Eat a dog and save the planet
Dogs cause more damage to our planet than SUVs, according to a controversial new book, Time to Eat the Dog: The Real Guide to Sustainable Living.
The environmental footprint of your average hound may be as much as twice that of a typical sport utility vehicle, maintain New Zealand researchers Robert and Brenda Vale.
The enterprising Vales maintain that it takes 1.1 hectares of land per year to create enough chicken, beef, and lamb for a medium-sized dog to eat, in contrast to the gas-guzzling Toyota Land Cruiser SUV which requires less than half that – just 0.41 hectares, assuming a modest 10,000 kilometres a year of driving.
Needless to say, not everyone agrees with the math, let alone the concept.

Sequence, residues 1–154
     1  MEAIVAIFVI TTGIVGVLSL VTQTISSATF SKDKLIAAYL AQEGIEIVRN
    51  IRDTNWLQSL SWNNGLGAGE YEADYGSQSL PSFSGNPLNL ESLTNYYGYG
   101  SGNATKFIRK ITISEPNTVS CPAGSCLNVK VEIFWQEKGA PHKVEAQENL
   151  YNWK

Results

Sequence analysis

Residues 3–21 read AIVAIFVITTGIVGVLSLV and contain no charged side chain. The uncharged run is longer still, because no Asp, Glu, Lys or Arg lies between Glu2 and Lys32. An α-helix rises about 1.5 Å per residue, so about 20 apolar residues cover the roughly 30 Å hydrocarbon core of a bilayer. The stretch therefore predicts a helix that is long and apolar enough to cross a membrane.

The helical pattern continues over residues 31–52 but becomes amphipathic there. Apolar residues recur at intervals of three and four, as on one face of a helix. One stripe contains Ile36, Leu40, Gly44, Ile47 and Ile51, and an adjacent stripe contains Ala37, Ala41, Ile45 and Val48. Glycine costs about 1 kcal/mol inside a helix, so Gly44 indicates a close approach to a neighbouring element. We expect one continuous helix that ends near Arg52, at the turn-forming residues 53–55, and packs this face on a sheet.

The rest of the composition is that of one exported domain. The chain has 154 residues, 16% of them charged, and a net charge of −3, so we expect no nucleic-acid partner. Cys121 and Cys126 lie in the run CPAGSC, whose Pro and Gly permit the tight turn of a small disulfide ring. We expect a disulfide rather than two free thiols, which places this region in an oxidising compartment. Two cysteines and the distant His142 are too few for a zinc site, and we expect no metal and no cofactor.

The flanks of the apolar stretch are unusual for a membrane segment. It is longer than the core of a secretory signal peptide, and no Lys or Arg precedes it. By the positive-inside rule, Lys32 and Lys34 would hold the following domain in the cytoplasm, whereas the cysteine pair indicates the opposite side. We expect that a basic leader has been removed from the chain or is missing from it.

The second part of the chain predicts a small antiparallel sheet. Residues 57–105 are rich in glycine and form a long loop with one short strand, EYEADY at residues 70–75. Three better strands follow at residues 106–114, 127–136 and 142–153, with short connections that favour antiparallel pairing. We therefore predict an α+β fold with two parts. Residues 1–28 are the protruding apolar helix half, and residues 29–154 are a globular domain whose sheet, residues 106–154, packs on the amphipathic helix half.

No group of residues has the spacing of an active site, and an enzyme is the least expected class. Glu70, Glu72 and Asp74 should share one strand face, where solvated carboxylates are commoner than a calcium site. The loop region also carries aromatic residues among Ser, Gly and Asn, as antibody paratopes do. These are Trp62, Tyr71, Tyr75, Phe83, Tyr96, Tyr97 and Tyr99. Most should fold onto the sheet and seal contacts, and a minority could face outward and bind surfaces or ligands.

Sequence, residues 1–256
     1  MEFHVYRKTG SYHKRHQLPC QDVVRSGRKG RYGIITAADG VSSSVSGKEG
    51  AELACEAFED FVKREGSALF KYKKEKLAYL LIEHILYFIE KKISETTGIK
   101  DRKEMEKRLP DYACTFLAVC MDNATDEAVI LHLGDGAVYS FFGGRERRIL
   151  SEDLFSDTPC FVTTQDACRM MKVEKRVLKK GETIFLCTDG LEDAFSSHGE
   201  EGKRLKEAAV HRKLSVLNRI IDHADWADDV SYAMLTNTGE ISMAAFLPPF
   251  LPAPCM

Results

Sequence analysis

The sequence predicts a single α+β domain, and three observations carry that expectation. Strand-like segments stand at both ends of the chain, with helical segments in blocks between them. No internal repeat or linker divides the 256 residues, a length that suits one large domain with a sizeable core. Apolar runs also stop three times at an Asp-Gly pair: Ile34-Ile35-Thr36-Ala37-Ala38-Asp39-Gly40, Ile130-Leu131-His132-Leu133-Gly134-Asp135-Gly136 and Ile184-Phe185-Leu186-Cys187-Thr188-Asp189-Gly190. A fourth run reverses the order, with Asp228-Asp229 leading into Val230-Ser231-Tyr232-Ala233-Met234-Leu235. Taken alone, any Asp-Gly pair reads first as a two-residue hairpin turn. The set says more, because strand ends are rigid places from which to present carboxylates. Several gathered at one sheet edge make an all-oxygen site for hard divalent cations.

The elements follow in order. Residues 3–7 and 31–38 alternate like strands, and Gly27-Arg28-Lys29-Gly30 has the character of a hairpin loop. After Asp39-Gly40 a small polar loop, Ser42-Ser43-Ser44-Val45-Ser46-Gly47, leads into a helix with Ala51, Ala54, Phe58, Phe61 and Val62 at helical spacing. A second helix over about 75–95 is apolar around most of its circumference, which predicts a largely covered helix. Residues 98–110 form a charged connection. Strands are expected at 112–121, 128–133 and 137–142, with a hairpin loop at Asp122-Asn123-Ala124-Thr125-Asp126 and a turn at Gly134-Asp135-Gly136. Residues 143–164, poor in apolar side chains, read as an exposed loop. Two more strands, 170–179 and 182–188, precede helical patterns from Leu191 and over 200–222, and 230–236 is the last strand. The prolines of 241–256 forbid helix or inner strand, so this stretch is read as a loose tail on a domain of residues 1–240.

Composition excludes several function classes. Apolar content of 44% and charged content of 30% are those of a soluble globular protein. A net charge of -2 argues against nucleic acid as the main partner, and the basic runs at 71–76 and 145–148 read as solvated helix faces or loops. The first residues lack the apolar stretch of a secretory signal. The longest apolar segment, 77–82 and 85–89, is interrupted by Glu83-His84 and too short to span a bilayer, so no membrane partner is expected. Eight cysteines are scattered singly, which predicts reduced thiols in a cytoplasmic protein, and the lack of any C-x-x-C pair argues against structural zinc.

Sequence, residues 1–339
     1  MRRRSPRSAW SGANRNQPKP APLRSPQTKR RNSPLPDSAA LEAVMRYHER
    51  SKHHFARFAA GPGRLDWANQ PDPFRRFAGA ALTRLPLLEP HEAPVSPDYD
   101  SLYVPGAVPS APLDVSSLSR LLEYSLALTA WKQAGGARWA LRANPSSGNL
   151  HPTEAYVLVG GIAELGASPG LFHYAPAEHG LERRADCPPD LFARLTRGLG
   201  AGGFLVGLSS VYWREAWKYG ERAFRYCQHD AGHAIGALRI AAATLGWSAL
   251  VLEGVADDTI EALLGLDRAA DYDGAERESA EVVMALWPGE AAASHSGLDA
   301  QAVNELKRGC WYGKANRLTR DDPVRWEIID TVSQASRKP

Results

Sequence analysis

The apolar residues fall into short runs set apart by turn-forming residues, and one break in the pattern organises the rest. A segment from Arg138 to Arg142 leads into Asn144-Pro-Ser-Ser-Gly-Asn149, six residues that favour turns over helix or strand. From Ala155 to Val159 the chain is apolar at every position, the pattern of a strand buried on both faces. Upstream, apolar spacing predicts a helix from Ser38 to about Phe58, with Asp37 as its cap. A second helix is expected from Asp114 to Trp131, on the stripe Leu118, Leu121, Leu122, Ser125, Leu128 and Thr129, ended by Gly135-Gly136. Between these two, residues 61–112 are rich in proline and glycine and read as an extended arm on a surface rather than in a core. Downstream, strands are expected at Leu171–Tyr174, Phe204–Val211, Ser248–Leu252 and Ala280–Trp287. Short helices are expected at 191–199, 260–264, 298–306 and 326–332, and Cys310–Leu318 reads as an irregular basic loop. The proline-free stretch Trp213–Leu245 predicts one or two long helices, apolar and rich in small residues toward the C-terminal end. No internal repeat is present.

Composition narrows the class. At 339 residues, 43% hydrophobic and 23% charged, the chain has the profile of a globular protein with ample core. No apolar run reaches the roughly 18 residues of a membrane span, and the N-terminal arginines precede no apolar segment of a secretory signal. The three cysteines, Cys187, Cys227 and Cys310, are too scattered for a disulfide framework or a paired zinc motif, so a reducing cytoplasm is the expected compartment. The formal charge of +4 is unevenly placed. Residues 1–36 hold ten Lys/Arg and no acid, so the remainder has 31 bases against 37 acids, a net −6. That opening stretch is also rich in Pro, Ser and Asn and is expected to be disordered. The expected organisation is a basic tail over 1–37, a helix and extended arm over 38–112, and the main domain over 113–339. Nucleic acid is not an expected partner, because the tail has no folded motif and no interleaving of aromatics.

“We're not actually saying it is time to eat the dog," a cheeky Robert Vale tells Reuters. “We're just saying that we need to think about and know the ecological impact of some of the things we do and that we take for granted.”
The Vales aren't necessarily anti-pet but the couple, who don’t have a cat or dog, would rather have us trade in ours for smaller, greener pets like fish or hamsters – a concept that Judy Gruen, author of The Women's Daily Irony Supplement, labels as a really bad idea.
The authors' other suggestion – that we should recycle our pets by eating them or turning them into pet food at the end of their lives – is going to take a bit of getting used to.
Nonetheless, for the ecologically-minded it's time to admit that dog may be a realistic food for realistic environmentalists, maintains Jonathan Foer in his new book, Eating Animals.
Of course, he's a vegetarian.
Where do you stand on the 'pets as environmental scourge' debate?
By Gordon Powers/ MSN Money